I'm young again, I'm you again,
Racing turtles -
The grapefruit is winning.
Seems I keep getting this story twisted,
So where's Neil when you need him?"
"Space Dog," Tori Amos
eldritchhobbit: (LOTR/Eomer)
Happy birthday to the one, the only, the fabulous [livejournal.com profile] dodger_winslow, a true artist in every sense of the word. Have an excellent one, my friend, and many more to come!

Also, congratulations to my friend Rebecca Kirkland, who has been honored with a commendation from the county of Los Angeles in recognition of her dedicated service to its citizens, and in particular for her work in providing opportunities for disadvantaged children to attend live performances in the arts. Well done, Rebecca!


In other news...

* Those of you who know of my professional interest in and personal love for Tolkien-inspired music appreciate the fact that I greedily consume everything from Argentinian folk music to German metal in the name of Middle-earth. I was pleased to find this article recently on Strange Horizons: "Elven Lays and Power Chords: Chaos, Revelry, and Community in Tolkien-Themed Heavy Metal."


* The Audio Publishers Association has announced the nominees for the 2009 Audie Awards for excellence in audiobooks. Here are some of the nominations in particular that made me happy:

"Audio Drama"
Tales from the Perilous Realm by J.R.R. Tolkien, Narrated by Michael Hornden and a full cast, BBC Audiobooks America

"Children's Titles for Ages 8-12" and "Thriller/Suspense"
The Graveyard Book by Neil Gaiman, Narrated by Neil Gaiman, HarperAudio

"History"
The Hemingses of Monticello: An American Family by Annette Gordon-Reed, Narrated by Karen White, Tantor Media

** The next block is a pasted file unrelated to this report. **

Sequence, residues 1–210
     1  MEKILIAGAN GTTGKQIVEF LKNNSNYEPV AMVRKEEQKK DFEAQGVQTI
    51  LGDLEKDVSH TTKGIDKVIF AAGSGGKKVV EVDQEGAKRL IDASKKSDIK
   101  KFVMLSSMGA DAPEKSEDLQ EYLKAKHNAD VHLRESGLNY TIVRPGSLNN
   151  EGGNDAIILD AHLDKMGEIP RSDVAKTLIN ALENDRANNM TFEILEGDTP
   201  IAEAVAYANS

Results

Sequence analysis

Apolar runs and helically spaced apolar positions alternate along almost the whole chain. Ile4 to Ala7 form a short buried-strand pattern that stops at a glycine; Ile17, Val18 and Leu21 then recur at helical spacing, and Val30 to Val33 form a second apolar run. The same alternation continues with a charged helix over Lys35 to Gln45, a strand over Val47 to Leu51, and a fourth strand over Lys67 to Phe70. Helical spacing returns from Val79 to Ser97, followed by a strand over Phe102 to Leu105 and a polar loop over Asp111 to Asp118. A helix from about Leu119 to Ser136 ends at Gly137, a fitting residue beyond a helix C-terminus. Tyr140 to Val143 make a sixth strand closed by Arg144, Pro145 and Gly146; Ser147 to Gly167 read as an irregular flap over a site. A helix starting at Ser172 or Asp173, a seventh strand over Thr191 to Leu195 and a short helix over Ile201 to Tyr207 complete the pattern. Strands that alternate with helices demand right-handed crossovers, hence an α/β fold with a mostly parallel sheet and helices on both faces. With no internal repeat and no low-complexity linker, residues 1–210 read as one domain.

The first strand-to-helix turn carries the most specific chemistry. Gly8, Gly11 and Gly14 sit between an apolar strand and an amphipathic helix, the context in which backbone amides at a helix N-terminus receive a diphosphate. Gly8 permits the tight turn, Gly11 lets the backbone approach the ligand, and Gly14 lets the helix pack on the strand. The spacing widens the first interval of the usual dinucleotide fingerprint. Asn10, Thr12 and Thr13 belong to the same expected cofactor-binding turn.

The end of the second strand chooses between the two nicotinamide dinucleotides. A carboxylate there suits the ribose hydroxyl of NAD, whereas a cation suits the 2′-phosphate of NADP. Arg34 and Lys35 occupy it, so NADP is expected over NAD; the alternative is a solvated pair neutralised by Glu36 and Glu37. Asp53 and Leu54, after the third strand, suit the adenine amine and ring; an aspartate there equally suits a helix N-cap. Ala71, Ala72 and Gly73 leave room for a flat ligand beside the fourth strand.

"Inspirational/Faith-Based Non-Fiction" and "Multi-Voice Performance"
A Word of Promise: Next Generation-New Testament, Narrated by Sean Astin and a full cast, Thomas Nelson, Inc.

"Solo Narration - Male"
Timothy Dalton, Narrator of The Silver Swan by Benjamin Black, Macmillan Audio

"Teens"
The Compound by S.A. Bodeen, Narrated by Christopher Lane, Brilliance Audio


The doom of the Noldor drew near.
The words of a banished king:
"I swear revenge!"
- from "Nightfall," Blind Guardian
eldritchhobbit: (Star Wars/Merlin/Gandalf)

Halloween_1977_12
Originally uploaded by Photo Knight
Happy birthday to [livejournal.com profile] arisbe, and best wishes for many happy returns of the day!


In other news...

* I couldn't be happier that Neil Gaiman won the Newberry Medal for The Graveyard Book! It's a fantastic book, and I highly recommend it to one and all.

* The Slice of SciFi podcast included in show #197 a loving tribute to the late Patrick McGoohan and Ricardo Montalban via a mash-up entitled "The Wrath of the Prisoner of Fantasy Island." You can catch it approximately 25 minutes into the show.

* Free Speculative Fiction Online has added a number of classic works to its archive, including truly excellent novels such as John Wyndham's The Day of the Triffids and Harry Harrison's Make Room! Make Room!, among others. Read more here.

* The "Growing Up Star Wars 1977-1985 Flickr Group" originally started by Todd Franklin, Glen Mullaly, and Mike Middleton has hit the big time! From Time Magazine's "Tech and Geek Blog" (penned by The Simpsons writer Matt Selman), to Flickr's official blog, to feeder and aggregator destinations such as MetalFilter, Digg and others, the visibility for the group has grown tremendously. Long-time group member and Star Trek veteran Wil Wheaton even posted an entry on his blog about this group dedicated to looking back at the first wave of Star Wars fans and their many different ways of enjoying and expressing their love for "That Space Movie." You can visit the "Growing Up Star Wars 1977-1985 Flickr Group" here.